The present study was conducted to assess the validity and reliability of the Farsi version of ODAS in the Iranian community. The exploratory factor analysis confirmed the adequacy of the sample size for construct validity, and based on the Pro max rotation, the items were divided into two factors. The reliability evaluation by internal consistency showed the favorable reliability of the questionnaire.

According to the results, the concept of organ donation has two subscales. The first subscale is the person’s beliefs. Personal beliefs are an important part of people’s characteristics that affect their attitude toward life and are responsible for the formation of feelings and contribute to many behaviors and decisions, especially in relation to organ donation [32-34]. In addition to religious beliefs, culture and social norms also have an important role in the formation of attitudes, especially toward organ donation.

Attitude to organ donation varies in different countries and regions due to the diverse traditions, beliefs, and other personal attributes. The results indicate that people are generally highly willing to donate organs, but in practice, this rate is lower. In other words, people who think about donating organs differ from those who actually donate organs in terms of their beliefs and attitudes. Although people have a positive attitude to organ donation, they cannot transfer this attitude to the corresponding behavior, which is of course a global problem.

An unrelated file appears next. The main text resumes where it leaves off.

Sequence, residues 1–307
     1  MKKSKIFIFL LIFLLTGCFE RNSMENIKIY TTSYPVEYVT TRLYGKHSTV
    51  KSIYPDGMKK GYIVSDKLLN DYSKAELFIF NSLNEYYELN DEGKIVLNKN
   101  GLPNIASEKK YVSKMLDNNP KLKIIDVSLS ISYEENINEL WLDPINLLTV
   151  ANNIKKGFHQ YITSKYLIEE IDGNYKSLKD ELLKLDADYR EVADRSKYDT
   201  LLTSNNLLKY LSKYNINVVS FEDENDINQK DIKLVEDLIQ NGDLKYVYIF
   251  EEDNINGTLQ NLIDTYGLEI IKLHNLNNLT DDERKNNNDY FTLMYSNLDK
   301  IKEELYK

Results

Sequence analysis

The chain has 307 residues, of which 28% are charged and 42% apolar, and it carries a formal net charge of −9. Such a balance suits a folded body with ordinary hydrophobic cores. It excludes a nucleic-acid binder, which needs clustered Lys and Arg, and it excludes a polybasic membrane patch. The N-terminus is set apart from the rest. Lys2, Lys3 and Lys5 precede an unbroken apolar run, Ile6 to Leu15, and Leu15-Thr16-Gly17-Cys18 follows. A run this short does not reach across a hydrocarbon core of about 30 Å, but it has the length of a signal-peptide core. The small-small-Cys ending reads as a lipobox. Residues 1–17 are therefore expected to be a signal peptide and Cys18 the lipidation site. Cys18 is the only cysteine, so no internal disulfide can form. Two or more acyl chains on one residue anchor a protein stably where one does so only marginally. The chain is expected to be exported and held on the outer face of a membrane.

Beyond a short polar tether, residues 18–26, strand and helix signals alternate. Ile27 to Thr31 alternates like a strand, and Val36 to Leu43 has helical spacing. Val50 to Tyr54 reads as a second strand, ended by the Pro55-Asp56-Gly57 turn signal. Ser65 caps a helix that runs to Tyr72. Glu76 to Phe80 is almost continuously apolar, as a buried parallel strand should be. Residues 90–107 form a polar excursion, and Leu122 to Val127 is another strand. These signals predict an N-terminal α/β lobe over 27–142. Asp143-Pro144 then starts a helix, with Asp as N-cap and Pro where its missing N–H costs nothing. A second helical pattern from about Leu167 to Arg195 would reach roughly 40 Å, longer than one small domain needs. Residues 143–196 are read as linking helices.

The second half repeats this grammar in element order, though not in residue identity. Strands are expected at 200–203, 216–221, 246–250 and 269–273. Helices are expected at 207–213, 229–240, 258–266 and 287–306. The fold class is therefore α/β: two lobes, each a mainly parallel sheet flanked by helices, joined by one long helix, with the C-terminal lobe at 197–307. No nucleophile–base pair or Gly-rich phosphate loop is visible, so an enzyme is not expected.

In Iran, people are largely affected by the western culture and try to assimilate their lives to western standards. Therefore, their attitude to organ donation is negative and they consider this act unacceptable and taboo out of fear of organ selling, insulting behavior toward the corpse and dismembering the body . In many societies, religiosity is regarded as a major barrier to organ donation. Concerns about damage to the integrity of the body are also an important deterrent, as some believe that receiving an organ donation card would equal their body not being treated ethically later in life. The most popular belief underlying the refusal to donate an organ is that organ donation changes the integrity of the body [35]. The suffering of the soul after donation is also a negative personal belief about organ donation. The belief that the donor’s sins are transferred to the recipient, or that some people’s life is not worth saving, and that our destiny is pre-determined, and also the reluctance to mix two bodies together are other barriers to organ donation willingness, which are rooted in the person’s own beliefs. Also, regarding the value attributed to humans in Islamic narrations, it has been stated that, for the faithful dead, God has rightly forbidden all things which have been forbidden during their life. Accordingly, some studies have shown that Muslims are less inclined to donate their body organs than Hindus. Moreover, the desire to donate an organ is greater among Christian Arabs living in the US than Muslim Arabs, since christianity approves of organ transplantation and considers it a sign of self-sacrifice [36].